In a conference call with reporters, Sens. Sherrod Brown (D-OH) and Ted Kaufman (D-DE) introduced a bill, The Safe Banking Act of 2010, which would mandate hard leverage and size caps on financial institutions and force the breakup of many of the largest mega-banks. The duo planned to introduce their legislation as an amendment to the financial reform bill expected next week.

The bill would place a cap on any financial institution, limiting their total assets to 3% of GDP (that would lower to 2% for banks, as opposed to 3% for non-bank institutions). Currently, the 6 largest banks have holdings that equal 63% of GDP. The Safe Banking Act would also impose a 10% cap on any bank holding company’s share of insured deposits. Bank holding companies and “selected nonbank financial institutions” would have a leverage limit of 6%, meaning that they would not be able to lend out more than around sixteen dollars for every dollar of capital in house.

In his opening statement, Brown said “If we’re going to prevent big banks from putting our entire economy at risk, we need to place sensible size limits on our nation’s behemoth banks. We need to ensure that if banks gamble, they have the resources to cover their losses.” Sen. Kaufman, who has been a hero on this issue for his strong stands against too big to fail, added that “this is exactly what we need,” because financial institutions don’t need this kind of size to compete internationally, and they just put the nation’s financial system needlessly at risk. He explained that we cannot leave the question of size and leverage caps to the regulators, because they already have the authority under existing statutes to institute these size and leverage caps, and they haven’t done it.

While this legislation has been introduced as a standalone bill, Brown said that they would introduce in during the financial reform debate as either one or two amendments (presumably splitting the size and leverage caps). Sen. Kaufman described some other amendments, including a reinstitution of the Glass-Steagall Act with Maria Cantwell and John McCain, and a ban on proprietary trading a la the Volcker rule with Carl Levin and Jeff Merkley. However, he said, this bill was “the number one priority.”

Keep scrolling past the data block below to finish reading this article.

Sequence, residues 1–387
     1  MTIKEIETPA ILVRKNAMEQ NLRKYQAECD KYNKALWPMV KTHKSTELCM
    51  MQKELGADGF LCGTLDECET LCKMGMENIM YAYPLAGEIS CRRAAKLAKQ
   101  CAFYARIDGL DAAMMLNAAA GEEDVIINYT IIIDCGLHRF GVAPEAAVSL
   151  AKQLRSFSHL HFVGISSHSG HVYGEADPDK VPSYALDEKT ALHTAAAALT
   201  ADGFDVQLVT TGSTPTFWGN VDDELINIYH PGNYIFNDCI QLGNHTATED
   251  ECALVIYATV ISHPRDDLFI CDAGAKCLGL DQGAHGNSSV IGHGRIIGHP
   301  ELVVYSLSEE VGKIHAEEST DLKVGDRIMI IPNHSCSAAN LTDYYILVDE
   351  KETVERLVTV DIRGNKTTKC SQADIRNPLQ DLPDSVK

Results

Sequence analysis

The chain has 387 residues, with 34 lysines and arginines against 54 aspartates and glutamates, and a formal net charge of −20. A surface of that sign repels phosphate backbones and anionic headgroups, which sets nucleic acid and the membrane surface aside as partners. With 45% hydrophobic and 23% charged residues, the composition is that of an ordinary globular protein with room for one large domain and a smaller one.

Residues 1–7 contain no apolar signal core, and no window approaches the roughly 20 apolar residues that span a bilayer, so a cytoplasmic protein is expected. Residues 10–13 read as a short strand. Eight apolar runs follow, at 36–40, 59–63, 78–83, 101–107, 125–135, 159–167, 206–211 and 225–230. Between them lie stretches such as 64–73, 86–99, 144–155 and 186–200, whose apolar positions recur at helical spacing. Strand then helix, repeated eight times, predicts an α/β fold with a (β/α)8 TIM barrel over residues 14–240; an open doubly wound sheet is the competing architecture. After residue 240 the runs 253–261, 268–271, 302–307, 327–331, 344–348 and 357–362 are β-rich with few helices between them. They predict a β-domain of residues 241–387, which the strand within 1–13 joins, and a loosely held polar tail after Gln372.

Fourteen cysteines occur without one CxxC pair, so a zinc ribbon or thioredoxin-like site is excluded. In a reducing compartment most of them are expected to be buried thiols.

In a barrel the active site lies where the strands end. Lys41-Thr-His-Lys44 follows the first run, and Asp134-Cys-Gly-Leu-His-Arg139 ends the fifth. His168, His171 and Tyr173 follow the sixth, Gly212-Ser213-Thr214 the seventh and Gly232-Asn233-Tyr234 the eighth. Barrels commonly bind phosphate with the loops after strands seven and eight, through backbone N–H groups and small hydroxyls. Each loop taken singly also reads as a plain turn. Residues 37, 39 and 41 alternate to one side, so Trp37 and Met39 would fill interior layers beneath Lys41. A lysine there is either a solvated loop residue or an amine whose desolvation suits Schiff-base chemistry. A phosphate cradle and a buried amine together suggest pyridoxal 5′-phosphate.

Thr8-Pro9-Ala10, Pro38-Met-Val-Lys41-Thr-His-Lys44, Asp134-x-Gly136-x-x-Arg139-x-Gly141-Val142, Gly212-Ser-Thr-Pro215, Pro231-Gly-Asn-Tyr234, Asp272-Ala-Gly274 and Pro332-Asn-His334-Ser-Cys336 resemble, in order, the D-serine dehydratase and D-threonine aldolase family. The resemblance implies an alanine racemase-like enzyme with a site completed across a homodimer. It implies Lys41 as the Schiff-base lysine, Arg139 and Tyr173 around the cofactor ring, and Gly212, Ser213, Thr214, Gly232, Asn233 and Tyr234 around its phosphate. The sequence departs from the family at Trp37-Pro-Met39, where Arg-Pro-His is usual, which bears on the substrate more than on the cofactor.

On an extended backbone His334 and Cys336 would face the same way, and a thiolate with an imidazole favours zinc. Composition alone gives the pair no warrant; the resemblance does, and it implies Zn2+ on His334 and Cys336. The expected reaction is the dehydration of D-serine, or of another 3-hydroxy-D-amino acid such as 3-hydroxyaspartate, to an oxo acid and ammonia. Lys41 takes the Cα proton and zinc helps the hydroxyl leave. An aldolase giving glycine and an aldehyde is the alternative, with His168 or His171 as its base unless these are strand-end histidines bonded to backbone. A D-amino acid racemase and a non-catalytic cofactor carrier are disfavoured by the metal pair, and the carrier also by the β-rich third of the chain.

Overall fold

So far, the bill has three other co-sponsors: Bob Casey, Sheldon Whitehouse and Jeff Merkley. Citing Alan Greenspan’s statement that too big to fail is too big, and the bipartisan support for the concept of breaking up the megabanks from Federal Reserve regional bank heads and other experts, Brown challenged Republicans to join them on this amendment. If they’re so concerned about ending too big to fail, the GOP should want to include this legislation, he said.

Brown predicted that the bill would help boost lending to small businesses by increasing competition. He added that “banks with one trillion dollars in liabilities are inherently risky… The SAFE Banking Act prevents megabanks from controlling too much of our nation’s wealth – no one investment bank or financial institution should be able to risk more than three percent of our nation’s gross domestic product and they should have enough money to back up their liabilities.”

Kaufman stressed that whatever legislation is written to deal with the financial crisis of 2008 must be useful for the long haul. We can limit size and leverage now or later, he cautioned, saying that this policy must last 50 years down the road, the way legislation did after the stock market crash of 1929. “Limiting size and leverage are redundant fail-safe provisions to prevent a dangerous outcome. Senator Brown and I are proposing a complementary idea, not a substitute,” Kaufman said in a statement.

Brown and Kaufman were joined on the call by David Borris of the Main Street Alliance, a coalition of small businesses who support Wall Street reform. They sent a letter to Harry Reid today expressing support for the Safe Banking Act.

This bill is where the action is in Wall Street reform. Whether or not it will truly end too big to fail can be seen in whether or not this gets added to the overall package.